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The Rationality of the Malheur Gunmen: Fighting for the White Future of This Country

by

The Malheur gunmen are not crazy. They act logically out of a long-standing rationality in the United States. And the future of the country hangs in the balance.

The right wing has made increasing noise about the federal government owning lands, particularly in western states like Nevada and Oregon where the feds own 85% and 53% respectively. The complainers argue that government ownership infringes on American free enterprise based on private property. But federal ownership is radically different than private ownership. The feds own this land mostly because its private ownership would be tremendously unprofitable. In other words, federal ownership is a huge subsidy to private interests making profits from these lands. Federal ownership makes private profit possible. The ranchers at the heart of the Malheur conflict, for instance, lease federal grazing lands for pennies on the dollar.

A major aspect of the violent seizing of Malheur, then, centers on the distribution model of these federal subsidies. Should they prioritize the interests of the large resource extraction multinationals? Or should they primarily serve the needs of the manifest destiny frontiersmen? Seen in this way, this is an old conflict at the racist heart of the United States. Poor white men could enjoy their God given right to property through dragging their families into the backwoods and pushing the frontier of the country, therein conditioning the land for eventual corporate exploitation. Communism for white men eventually led to socialism for corporations.

This conflict therein seems to lie between two right wing factions. Why doesn’t the right wing splinter under the pressure? The answer is that the less powerful faction is a well-paid – if not always well-heeled – creature of its much more powerful counterpart. Since the seventeenth century, resource allocation has occurred through white supremacist patriarchal structures, rewarding and reinforcing these cultural practices as the most rational way to succeed. The colonial planter class avoided insurrection while insuring a labor supply through granting small, though historically new, privileges to poor former indentured servants of European origin. The Southern aristocracy upped the ante in a bid to preserve their status during the Civil War. The federal granting of homestead rights to the white trash of the day mobilized this dynamic westward, diffusing post-war tensions by allowing rapacious speculators the lion’s share of spoils. These practices became canonized in law, with some of the more vile rulings eventually repealed – though without compensation for damage done – such as the notorious Dred Scot finding that “Neither Dred Scott nor any other person of African descent had any citizenship rights which were binding on white American society.” Yet some rulings still stand as the law of the land such as John Marshall’s so called Indian Opinions that found, among other things, that white possession of land by whatever means confers ownership.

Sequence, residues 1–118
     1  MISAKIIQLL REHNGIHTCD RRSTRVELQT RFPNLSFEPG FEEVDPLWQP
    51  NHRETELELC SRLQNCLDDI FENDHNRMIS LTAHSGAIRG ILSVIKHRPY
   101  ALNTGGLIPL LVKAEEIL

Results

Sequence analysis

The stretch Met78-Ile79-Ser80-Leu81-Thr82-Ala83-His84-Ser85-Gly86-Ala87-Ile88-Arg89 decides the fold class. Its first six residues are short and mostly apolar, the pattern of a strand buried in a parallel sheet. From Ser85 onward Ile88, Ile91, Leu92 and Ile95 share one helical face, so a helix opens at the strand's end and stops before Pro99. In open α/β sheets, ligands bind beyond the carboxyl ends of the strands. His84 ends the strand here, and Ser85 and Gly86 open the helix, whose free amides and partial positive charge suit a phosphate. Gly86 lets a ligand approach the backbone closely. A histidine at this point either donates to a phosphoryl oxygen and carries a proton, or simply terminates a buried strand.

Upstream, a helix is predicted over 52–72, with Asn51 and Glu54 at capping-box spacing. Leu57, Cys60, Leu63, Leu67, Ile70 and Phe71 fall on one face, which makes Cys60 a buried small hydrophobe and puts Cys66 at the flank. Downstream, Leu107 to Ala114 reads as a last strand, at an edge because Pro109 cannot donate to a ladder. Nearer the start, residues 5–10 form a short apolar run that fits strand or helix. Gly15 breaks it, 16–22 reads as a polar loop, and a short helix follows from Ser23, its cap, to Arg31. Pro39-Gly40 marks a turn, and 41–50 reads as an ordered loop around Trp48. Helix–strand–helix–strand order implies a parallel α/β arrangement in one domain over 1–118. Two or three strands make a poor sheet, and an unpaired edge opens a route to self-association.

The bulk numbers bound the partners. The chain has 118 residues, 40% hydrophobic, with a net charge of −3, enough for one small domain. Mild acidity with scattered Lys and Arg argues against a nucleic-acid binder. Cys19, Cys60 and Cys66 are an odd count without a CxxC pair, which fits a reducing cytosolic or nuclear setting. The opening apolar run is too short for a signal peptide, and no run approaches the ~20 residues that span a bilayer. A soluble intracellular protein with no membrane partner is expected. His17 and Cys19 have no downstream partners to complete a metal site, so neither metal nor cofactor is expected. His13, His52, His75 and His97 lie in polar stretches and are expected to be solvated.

In all these instances, white male citizenship depended upon the subordination of all other sectors of society. And the upper classes acquired a dedicated, culturally based police force to fight for an elitist structured society. The paradigm holds that white men must boldly fight for their unique entitlements not just as a personal battle for proprietary privileges, but as a patriotic struggle for the benefit of society, preserving the core form of organization that has brought us this far. They therein counter other claims based on distinct rationalities such as equality before the law, equality of opportunity, or scientific inquiry. White women must directly serve this cause, while darker hued folk enjoy the options of bondage, incarceration, or genocide.

This brings us to the armed taking of Malheur. As many others have pointed out, the upsurge in right wing militarism is associated with the relative decline in the fortunes of white men from their more entitled past – lower income, poorer job prospects, even deteriorating health. Rather than a petulant lashing out, however, these actions, while extreme, emerge from well-established and well-structured practices in this country. In other words, these militants are not irrational crazies. Their actions are highly rational. But they are based on a rationality of white male privilege driving the fortunes of the country.

The wellbeing of all but a tiny sector of society has deteriorated over the past forty years, generating diverse forms of discontent. Appeasing armed white men would prove a timeworn solution: empowering shock troops to make all other groups inured to their plight – or at least more afraid of trying to bring change. Indeed, these extremists may have a better chance at success than other groups operating out of different rationalities, such as fairness, equality, or even preserving capitalism. But any appeasement will strengthen the white supremacist rationalities of society. The solution to the Malheur gunmen and their various copycats rests in disempowering them by employing non-white supremacist rationalities to undo the past forty years of inequality and corporate impunity. This is actually not such a huge challenge, with signs of it all around us. Widespread cynicism about change, however, helps empower the status quo. The Malheur gunmen are doing something, are you?

Arthur Scarritt is an Associate Professor in the Department of Sociology at Boise State University. He is the author of Racial Spoils From Native Soils: How Neoliberalism Steals Indigenous Lands in Highland Peru.

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